her dictatorial style and often arbitrary decisions to close schools, fire
teachers, and impose top-own reforms that wowed business leaders but
brought mostly turmoil and disruption to school communities. Like Joel
Klein in New York, Rhee's claims of success are based on illusory test
score gains that evaporate upon close inspection. 32 But ultimately it was
her inability to convince the city's voters and parents that her business
model reforms served their best interests that led to her sudden political
defeat. "Cooperation, collaboration, and consensus-building are way
overrated," Rhee once said. D.C. voters didn't agree. 33

Lacking the kind of Mayoral control that Fenty used to install Rhee,
Booker has entered into a fragile alliance with a volatile Republican
Governor, complicating relations with both NJ Democrats and the Newark
electorate. He has strong opposition on the city council and faces a
deepening municipal fiscal crisis that will only grow worse under
Christie. To drive local school policy into unchartered territory, (pun
intended) Booker needs a stronger base than a budget-cutting Governor and
rich out-of-town friends. 34

On Nov. 1, with the help of DFER's newly formed NJ chapter and $1 million
in private funds, Booker launched the Partnership for Education in Newark
designed to mobilize local support for his education plans. A two-month
campaign of "relentless outreach," including community meetings and
door-to-door canvassing is supposed to lead to a set of reform
recommendations in January. But longtime local activists are skeptical and
have started their own Coalition for Effective Newark Public Schools to
press for things they have been fighting for for years: adequate
resources, student-centered curriculum, better-prepared teachers,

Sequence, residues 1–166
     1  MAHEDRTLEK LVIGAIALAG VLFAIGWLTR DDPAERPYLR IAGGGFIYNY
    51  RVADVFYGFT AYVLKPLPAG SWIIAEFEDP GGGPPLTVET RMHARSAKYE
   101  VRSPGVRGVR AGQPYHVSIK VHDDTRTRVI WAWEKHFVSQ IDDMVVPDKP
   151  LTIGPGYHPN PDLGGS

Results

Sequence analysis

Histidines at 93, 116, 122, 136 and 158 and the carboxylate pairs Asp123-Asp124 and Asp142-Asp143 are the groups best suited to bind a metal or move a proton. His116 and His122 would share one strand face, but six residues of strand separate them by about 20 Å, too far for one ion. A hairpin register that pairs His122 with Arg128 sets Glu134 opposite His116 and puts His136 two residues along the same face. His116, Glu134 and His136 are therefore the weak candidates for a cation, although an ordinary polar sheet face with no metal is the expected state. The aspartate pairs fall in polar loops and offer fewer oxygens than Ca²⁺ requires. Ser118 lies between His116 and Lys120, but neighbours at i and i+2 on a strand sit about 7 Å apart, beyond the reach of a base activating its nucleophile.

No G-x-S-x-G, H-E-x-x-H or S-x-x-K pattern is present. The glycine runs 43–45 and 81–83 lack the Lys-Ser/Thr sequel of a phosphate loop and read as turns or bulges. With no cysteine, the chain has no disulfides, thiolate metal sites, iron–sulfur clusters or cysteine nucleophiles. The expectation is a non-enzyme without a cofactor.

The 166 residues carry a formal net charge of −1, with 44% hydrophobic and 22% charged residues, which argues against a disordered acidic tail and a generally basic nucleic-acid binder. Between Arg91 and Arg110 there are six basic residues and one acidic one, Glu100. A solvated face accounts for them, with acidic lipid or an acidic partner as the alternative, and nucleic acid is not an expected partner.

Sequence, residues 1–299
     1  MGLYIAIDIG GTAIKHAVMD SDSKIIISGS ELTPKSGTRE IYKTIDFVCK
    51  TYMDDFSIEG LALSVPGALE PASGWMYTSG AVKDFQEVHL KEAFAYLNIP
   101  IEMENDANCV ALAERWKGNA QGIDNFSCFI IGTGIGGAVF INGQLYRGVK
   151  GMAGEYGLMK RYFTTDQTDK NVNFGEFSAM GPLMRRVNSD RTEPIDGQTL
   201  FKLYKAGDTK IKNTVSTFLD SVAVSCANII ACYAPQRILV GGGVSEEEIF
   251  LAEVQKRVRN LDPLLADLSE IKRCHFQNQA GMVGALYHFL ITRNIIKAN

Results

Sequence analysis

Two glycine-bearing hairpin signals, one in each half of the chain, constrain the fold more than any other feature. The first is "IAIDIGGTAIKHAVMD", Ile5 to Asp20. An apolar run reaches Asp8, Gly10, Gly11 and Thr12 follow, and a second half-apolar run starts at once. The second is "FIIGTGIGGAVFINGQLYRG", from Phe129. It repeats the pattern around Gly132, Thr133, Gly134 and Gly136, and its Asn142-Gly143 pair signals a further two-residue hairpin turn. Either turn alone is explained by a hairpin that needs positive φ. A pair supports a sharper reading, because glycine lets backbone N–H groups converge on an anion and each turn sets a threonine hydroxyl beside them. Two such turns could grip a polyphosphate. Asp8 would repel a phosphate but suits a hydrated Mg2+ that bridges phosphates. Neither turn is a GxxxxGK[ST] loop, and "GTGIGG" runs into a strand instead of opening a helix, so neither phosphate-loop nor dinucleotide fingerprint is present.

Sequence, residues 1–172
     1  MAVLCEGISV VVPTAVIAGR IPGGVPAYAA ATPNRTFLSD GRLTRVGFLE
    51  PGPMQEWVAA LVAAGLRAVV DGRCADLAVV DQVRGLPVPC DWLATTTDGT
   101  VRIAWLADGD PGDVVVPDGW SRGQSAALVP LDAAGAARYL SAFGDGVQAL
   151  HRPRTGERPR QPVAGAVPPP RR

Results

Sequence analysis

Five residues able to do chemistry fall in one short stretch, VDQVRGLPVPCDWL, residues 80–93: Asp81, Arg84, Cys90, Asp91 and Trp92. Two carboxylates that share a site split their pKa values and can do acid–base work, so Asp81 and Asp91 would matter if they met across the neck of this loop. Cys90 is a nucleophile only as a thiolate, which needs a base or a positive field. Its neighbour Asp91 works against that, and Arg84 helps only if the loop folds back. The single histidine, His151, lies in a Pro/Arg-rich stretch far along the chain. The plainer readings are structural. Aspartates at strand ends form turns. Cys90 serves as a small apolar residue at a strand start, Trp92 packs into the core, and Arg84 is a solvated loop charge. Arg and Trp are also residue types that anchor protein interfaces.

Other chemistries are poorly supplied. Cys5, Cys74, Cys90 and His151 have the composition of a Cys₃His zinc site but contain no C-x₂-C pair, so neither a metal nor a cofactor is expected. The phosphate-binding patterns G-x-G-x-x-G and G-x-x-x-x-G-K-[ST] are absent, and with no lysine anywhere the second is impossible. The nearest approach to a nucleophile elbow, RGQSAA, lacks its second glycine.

partnerships with parents, and "new standards of accountability and new
practices to assure fairness for educators, and success for all children".
35 Many believe the plans for the Facebook millions have already been
drawn up behind closed doors. "The only question," said one former member
of the local advisory board, "is how much more privatization will go on".

The Uses of "Failure"

Using the failures of public education in high-poverty urban communities
as an opening for a broader policy of disinvestment and privatization has
become a key link in the market reformers campaign.

Using the failures of public education in high-poverty urban communities
as an opening for a broader policy of disinvestment and privatization has
become a key link in the market reformers campaign. Moreover, the
narrative of public education as a failing system has been strengthened in
recent years by shifting national policies away from the federal
government's historic role as a promoter of access and equity in public
education through support for things like integration, Title I funding for
high-poverty schools, and services for students with special needs, to a
very different and less equitable set of mandates promoting high-stakes
testing, the closing or "reconstituting" of schools, and the distribution
of federal funds through competitive grants to "winners" at the expense of
"losers". These policies, embodied in No Child Left Behind and Race to the
Top, have helped to erode the common ground a universal system of
democratic public education needs to survive.

As Christie himself has said, "This is an incredibly special moment in
American history, where you have Republicans in New Jersey agreeing with a
Democratic president on how to get reform". 36

If public education is in crisis today, however, it is not because of
generalized failure. In some respects it's the nation's most successful
democratic institution and has done far more to reduce inequality and
offer hope and opportunity than the country's financial, economic,
political and media institutions.

But its Achilles' heel - which in fact is the Achilles' heel of the whole
society -  is acute racial and class inequality. And while this
inequality once spurred a clarion call to expand government and public
sector programs to address it, today a massively well-financed set of